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We all know flu is bad. But after a historically severe season, public health researchers are warning it's even worse than many think, leading to increased risk of heart attack and stroke during recovery and an inability for some older people to recover completely.
"If you needed more reason to be vaccinated, how about those two?" Dr. William Schaffner, medical director of the National Foundation for Infectious Diseases, asked during a news conference Thursday.
Public health officials' annual push for everyone older than 6 months to be vaccinated follows a record number of deaths and hospitalizations from the flu last season: more than 80,000 deaths and 900,000 hospitalizations in the United States. Typically public health researchers have used 56,000 as the upper bound on the number of deaths caused by flu each year.
"It was a significantly bad year," said the Centers for Disease Control and Prevention's Dr. Daniel Jernigan.
What's more, vaccination rates in certain groups declined last year, Surgeon General Dr. Jerome Adams told reporters. Rates among children ages 6 months to 4 years decreased slightly last season, particularly troubling because kids that age are vulnerable to severe complications when they get sick, he said.
Last season, 180 flu deaths in kids were reported to the CDC, topping a previous record of 171. And researchers note that number is likely an under-estimation, given not all flu-related deaths are reported.
The disease is especially dangerous for the elderly. The flu causes a systemic inflammatory reaction that continues past the time people are in the acute stage of illness, Schaffner explained.
"It's why many people feel wiped out for two weeks or more after they have stopped coughing," Schaffner said. "This lingering inflammation can involve blood vessels, particularly to the heart and brain," which can lead to increased risk of heart attack and stroke during the two to four weeks of recovery from flu.
The disease can also lead to incomplete recovery among older and frail patients, he said.
"Flu can knock down that first domino of progressive decline, progressive disability," Schaffner said. "When people who are already frail or on the edge get flu, they may never return to their pre-flu functional level."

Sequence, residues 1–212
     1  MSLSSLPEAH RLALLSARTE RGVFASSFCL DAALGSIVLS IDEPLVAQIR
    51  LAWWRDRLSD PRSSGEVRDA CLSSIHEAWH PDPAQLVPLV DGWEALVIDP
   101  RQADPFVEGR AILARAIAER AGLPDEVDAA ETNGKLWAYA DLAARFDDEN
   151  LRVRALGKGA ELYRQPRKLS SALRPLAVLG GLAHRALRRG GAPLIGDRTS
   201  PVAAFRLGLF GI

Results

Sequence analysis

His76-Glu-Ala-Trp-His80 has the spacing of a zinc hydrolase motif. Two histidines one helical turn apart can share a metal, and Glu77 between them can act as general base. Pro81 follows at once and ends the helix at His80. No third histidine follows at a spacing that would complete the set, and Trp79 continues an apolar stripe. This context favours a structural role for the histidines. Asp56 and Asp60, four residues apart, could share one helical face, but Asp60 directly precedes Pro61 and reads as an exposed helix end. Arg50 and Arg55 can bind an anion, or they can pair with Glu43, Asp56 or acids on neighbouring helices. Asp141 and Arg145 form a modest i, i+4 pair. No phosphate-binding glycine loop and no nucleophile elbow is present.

And while those groups, along with pregnant women, are most at risk, officials warned that the young and healthy shouldn't be too cavalier about getting a flu shot: Flu can be severe for them, and not getting vaccinated can put others who are more vulnerable at risk.
"Getting the flu shot isn't just about keeping you safe and healthy, getting the flu shot is about community," Adams said. "Those 80,000 people who died last year from the flu — guess what? They got the flu from someone. Someone passed it along to them."
Officials acknowledged concerns about how effective the vaccine is in protecting people from influenza. The effectiveness of last year's shot was thought to be particularly low, and the CDC reports it was about 40 percent overall; however, in a predominant strain, H3N2, the protection was just 25 percent.
Food and Drug Administration Commissioner Dr. Scott Gottlieb, in a separate statement Thursday, said the FDA, CDC and other agencies have made changes to try to strengthen the vaccine: replacing the H3N2 strain for one they hope will be a better match, and swapping out one of the B strains as well. (Each flu vaccine contains two A strains of virus and one B strain; some contain two B strains.)
"We have some confidence, based on the pattern of influenza circulating now in the Southern hemisphere, that the flu strains chosen for this year's U.S. seasonal flu vaccine should offer Americans good protection," Gottlieb said.
Nonetheless, officials said, the protection the flu shot provides is better than nothing.
"You know that old thing, 'I got the flu shot and I got sick?'" Adams said at the news conference. "Well, know what? You didn't die."